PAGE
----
Suprelorin & Spaying

Discussion in 'Chicken Behaviors and Egglaying' started by techwood, Apr 19, 2016.

  1. techwood

    techwood New Egg

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    Apr 19, 2016
    Have a few questions if anyone can help.....

    I've been reading about the Suprelorin implant and how it can give hens a rest from egg laying.

    Is it possible to have hens on this full-time so they don't lay any eggs at all? I'm not interested in their eggs at all, just more interested in making sure they are happy and it seems, from what I have read, to benefit the hens to not have to lay.

    Also, may be a silly question, but does spaying a hen stop egg production?

    Any help would be great
     
  2. oldhenlikesdogs

    oldhenlikesdogs Lots of Chickens Premium Member

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    Egg laying isn't dangerous or bad for hens. Many of my hens live 8-10 years. You can choose breeds that don't lay much and avoid sex link hens. Feed and house them correctly, let them be chickens, not cloistered protected objects and honor the animal for what it is. I hardly ever see health problems in mine.

    Using unnatural means to stop laying will probably shorten their lives. Egg laying requires calories, remove that and your hens get fat and die from things related to obesity.
     
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  3. techwood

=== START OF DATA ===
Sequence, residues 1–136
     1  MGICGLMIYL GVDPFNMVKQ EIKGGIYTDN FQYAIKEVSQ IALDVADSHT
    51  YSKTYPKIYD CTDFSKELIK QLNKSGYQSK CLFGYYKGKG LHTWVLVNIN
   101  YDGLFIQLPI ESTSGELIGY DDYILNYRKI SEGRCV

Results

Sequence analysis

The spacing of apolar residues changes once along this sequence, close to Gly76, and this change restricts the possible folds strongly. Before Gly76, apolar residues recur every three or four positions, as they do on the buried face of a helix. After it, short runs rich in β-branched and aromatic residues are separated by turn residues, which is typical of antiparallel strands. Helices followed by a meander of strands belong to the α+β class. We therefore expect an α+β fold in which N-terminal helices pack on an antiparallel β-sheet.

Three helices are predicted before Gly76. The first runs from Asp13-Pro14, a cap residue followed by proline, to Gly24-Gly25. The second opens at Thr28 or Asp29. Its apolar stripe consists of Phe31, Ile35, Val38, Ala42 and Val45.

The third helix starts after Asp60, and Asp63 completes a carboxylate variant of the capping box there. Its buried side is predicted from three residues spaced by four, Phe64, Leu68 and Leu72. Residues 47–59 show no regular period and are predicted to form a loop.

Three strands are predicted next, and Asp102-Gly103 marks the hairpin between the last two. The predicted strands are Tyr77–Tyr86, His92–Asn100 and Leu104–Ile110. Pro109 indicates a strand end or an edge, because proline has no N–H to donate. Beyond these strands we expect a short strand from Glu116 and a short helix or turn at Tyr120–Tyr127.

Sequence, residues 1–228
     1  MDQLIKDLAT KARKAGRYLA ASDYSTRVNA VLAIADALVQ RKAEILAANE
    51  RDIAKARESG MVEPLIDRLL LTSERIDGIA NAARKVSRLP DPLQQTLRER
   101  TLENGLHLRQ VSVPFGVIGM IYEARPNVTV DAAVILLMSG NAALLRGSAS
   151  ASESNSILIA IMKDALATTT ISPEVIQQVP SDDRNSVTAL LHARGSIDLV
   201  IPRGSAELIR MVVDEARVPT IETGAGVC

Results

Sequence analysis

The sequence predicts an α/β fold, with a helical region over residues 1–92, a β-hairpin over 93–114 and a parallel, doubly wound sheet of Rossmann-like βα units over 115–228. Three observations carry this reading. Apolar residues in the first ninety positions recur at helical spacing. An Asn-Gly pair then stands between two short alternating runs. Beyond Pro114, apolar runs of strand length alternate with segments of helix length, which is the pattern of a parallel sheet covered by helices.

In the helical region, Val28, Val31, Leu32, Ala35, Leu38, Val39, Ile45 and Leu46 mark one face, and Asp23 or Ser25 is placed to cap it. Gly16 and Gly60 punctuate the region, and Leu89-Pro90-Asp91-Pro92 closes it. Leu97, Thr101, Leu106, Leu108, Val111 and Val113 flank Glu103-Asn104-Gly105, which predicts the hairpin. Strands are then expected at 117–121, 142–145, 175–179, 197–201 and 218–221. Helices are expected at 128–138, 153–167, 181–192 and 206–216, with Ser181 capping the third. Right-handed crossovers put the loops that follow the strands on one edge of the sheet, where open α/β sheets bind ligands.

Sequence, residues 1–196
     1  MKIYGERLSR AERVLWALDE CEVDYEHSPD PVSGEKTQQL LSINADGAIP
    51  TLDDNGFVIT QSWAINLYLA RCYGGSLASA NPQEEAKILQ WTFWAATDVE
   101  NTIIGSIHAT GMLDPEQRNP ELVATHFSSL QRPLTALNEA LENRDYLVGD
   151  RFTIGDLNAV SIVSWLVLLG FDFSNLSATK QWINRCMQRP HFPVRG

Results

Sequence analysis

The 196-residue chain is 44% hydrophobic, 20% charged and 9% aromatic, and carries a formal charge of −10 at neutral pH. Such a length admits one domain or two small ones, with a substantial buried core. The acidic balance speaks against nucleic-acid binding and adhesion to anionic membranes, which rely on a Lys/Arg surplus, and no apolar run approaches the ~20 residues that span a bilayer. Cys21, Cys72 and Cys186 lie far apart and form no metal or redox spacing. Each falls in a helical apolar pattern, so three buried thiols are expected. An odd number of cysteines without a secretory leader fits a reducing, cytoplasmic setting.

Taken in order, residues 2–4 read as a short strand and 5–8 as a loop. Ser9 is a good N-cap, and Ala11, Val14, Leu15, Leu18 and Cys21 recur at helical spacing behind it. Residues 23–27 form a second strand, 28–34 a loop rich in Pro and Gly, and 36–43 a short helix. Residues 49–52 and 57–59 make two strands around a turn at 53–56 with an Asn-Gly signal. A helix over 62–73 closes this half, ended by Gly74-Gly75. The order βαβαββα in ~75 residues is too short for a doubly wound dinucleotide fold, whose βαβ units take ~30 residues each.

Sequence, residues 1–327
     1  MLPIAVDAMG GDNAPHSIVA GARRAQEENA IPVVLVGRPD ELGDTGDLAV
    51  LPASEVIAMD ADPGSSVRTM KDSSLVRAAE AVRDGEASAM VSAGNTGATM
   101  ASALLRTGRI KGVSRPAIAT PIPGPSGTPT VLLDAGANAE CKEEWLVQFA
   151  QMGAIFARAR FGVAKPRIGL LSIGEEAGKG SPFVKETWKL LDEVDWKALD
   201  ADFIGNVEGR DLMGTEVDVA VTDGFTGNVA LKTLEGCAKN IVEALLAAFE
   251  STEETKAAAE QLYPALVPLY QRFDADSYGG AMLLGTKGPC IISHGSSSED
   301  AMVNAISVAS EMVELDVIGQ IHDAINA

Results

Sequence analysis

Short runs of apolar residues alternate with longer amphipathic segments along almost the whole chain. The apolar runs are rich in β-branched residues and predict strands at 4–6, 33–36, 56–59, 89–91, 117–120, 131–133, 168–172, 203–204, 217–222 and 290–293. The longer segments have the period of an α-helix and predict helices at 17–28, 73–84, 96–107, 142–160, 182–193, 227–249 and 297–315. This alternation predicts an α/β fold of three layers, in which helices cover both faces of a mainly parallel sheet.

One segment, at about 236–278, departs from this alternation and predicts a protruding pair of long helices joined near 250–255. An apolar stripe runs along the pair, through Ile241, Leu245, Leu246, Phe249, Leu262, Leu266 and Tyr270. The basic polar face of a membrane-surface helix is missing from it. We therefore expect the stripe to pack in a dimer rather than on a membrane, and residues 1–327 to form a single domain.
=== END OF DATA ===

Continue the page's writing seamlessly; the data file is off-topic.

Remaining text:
techwood New Egg

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    But they were never really meant to lay as many as they do so even reducing it down to one egg a month is going to be far more natural for them and save them a lot of issues.
     
  4. oldhenlikesdogs

    oldhenlikesdogs Lots of Chickens Premium Member

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    What's natural is for a hen to lay a clutch of egg, 6-20, than incubate them raise the chicks than do it again. Most chicks don't make it. The hen does it as many times as she can.

    There are breeds that still do the natural behavior, mostly bantam and game breeds. Some haven't been bred for egg production.

    It's not normal to lay once a month. Egg laying is natural and doesn't hurt most hens, so I don't know what information you have gotten that makes you afraid of it. It might be better for you to find a different species to keep.
     
  5. techwood

    techwood New Egg

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    From what I can gather all domestic chickens are all originally bred from the Red Jungle Fowl which lay around 11-13 eggs a year (around one a month). The only reason chickens these days lay as much as they do now is from years of selective breeding by the egg industry in order to make them produce way more than they ever would naturally. The modern domestic chicken found on egg farms are pretty much genetic monsters of their natural self. Just because they can lay this much doesn't mean it's natural for them or that it is good for them. I've read quite a few threads on this forum where people have suggested letting hens take a break from egg laying and hence my questions. Hope that clears things up.

    I'm also doing a report so if anyone can directly answer the questions that would be a great help x
     
  6. techwood

    techwood New Egg